A good start would be for the Governor to take personal responsibility for her own support of the identical gridlock and red-meat pandering she engaged in during her years in Washington DC, and then earnestly call out Oklahoma's GOP congressional delegation to quit putting the nation's economy at risk with their inflexibility and eagerness to satisfy a small political fringe."
What are the chances Fallin will even partially concede she’s contradicting her previous political positions in her recent remarks about the debt-ceiling issue? It’s seems unlikely, but if she did, we would know that in at least this one instance she was putting the state’s interests above her political career.
Senate Minority Leader Andrew Rice criticized the state budget agreement Tuesday, arguing it “will do real harm to communities in every region of our state.”
Rice, an Oklahoma City Democrat, also noted there was bipartisan opposition to the budget legislation in the Senate, which passed it on a 26-17 vote. The budget, which was cut by $500 million over last fiscal year, contains steep cuts for education. According to the announced budget agreement, public education will receive a 4.1 percent cut and higher education will receive a 5.8 percent cut.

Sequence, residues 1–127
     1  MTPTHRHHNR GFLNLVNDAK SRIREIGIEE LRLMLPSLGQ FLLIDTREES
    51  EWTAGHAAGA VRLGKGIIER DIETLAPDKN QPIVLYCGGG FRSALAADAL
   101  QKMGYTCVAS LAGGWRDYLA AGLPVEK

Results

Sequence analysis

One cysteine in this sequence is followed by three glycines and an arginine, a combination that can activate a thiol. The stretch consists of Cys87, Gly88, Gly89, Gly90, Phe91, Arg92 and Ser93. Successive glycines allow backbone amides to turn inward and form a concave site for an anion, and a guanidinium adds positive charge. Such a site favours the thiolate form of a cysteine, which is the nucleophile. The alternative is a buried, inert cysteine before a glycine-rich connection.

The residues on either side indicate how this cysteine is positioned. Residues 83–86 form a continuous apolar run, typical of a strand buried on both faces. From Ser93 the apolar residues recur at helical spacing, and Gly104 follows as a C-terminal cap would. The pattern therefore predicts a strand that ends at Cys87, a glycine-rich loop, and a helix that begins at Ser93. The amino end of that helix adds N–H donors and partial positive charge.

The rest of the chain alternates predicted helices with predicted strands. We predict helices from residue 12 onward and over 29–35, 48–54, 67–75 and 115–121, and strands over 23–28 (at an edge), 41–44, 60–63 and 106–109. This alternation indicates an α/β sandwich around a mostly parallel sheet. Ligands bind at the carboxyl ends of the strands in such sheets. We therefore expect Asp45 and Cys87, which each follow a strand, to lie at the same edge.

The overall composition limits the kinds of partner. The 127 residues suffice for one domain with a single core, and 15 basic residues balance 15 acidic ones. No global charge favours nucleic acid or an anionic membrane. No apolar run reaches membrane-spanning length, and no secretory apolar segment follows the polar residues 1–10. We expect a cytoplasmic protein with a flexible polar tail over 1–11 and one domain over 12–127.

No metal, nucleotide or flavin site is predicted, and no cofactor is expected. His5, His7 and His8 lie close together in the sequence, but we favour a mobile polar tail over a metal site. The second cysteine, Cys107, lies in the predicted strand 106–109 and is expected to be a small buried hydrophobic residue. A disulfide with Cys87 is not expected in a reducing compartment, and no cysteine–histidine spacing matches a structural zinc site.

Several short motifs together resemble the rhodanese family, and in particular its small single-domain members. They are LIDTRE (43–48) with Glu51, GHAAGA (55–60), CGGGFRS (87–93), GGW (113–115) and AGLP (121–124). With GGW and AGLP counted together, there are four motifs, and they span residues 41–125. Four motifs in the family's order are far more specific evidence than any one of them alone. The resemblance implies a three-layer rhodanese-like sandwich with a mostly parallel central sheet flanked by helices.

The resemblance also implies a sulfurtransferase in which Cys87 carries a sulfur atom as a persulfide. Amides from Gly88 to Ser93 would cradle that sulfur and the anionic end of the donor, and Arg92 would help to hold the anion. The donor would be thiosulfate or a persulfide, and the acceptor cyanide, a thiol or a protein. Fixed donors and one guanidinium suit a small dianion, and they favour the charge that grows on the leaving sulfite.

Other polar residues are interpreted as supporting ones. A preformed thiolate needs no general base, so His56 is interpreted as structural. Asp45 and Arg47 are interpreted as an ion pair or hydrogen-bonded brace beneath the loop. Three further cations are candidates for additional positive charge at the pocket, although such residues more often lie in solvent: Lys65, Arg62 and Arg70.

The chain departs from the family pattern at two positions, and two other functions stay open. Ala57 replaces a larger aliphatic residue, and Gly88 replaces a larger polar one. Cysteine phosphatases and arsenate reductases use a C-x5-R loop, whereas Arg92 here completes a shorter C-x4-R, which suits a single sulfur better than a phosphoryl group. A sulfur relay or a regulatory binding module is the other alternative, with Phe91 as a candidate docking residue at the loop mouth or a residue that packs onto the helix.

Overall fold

Rice said, “Instead of eliminating hundreds of millions of dollars in tax breaks for special interest groups, they left middle class families to make up the difference with even higher college tuition.”
Here is Rice’s entire statement on the budget:
This is a sad day for Oklahoma. Despite bipartisan opposition to the 2012 budget, the measure was narrowly approved by the Senate on a vote of 26 to 17 on Tuesday. Republicans, who for the first time control both the executive and legislative branches of government, claim they had no choice but to slash the budget by $500 million. These are budgets that had already been cut to the bone in three previous rounds of cuts.
The truth is these cuts didn’t have to happen because there was a choice. Republicans chose to support tax credits for people who send their kids to private schools at the cost of public schools. Instead of eliminating hundreds of millions of dollars in tax breaks for special interest groups, they left middle class families to make up the difference with even higher college tuition.